Wray presents a certificate to a National Academy graduate in 2019. Photo/FBI

In the growing conversation around data and justice, what should we be mindful of?

Well, I could pick a lot of examples. On the election influence side, the American people need to be more thoughtful consumers of information. The way in which information is disseminated today makes it particularly ripe for disinformation and propaganda and fabrication. People need to be discerning consumers about what they hear and ask themselves: Do I really know the source of this information? And, where is the source getting its information from? Always try to get a variety of information from different sources and be critical-thinking citizens. Our best defense is a thoughtful, well-informed voting public. We need to build resilience within the American people. There is no amount of investigating in a democracy like ours that can by itself sufficiently insulate the country. This is a shared effort between government, the private sector, and the voting public. On the data and security side, we need to be careful about not having false confidence, and to be very cautious about what personal information we share digitally.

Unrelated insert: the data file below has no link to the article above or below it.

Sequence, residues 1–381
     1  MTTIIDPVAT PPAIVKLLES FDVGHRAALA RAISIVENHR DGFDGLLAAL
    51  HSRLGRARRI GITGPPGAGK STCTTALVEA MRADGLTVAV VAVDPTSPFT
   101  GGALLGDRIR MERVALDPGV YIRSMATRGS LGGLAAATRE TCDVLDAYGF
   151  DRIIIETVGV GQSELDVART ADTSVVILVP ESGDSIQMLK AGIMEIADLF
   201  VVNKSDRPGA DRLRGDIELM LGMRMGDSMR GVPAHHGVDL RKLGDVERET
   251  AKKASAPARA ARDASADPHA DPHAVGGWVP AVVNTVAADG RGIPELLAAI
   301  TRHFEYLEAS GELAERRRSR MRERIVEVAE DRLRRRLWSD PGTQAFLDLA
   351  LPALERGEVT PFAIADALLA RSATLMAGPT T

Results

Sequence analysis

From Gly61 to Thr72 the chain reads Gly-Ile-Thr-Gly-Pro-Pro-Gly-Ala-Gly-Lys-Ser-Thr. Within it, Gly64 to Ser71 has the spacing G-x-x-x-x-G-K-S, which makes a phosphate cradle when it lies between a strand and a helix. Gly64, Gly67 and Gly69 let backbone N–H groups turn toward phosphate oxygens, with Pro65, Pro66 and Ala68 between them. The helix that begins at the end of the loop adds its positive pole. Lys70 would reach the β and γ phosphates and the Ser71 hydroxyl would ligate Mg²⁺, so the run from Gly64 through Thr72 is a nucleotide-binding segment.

Your career in law enforcement spans more than 20 years. How do you steer past politics and still find inspiration in your work?

My mantra is: We just need to stay focused on the work we do, who we do the work with, and who we do the work for—almost everything else is white noise and a distraction. The importance of staying locked-in on those things can be challenging, but our people in the FBI are very mission focused and at the end of the day, they don’t do the work for pundits or politicians. They do it because they love the idea of protecting the American people every day. I work with folks who are unbelievably inspiring public servants. I have been to all 56 of the FBI field offices around the country, every headquarters division, and a lot of our offices overseas. And there is not a day that goes by without encountering another example of courage, professionalism, and selflessness. I experience story after story of people doing amazingly heroic things—not just during their day jobs, but doing things like rescuing people from burning cars on their way home from work. It’s part of the DNA of this workforce. Whenever I feel like I’m dragging a bit, I’m always only moments away from another inspiring story of incredible human strength, kindness, courage, and sacrifice.

Read about more Andover alumni working in fields of justice.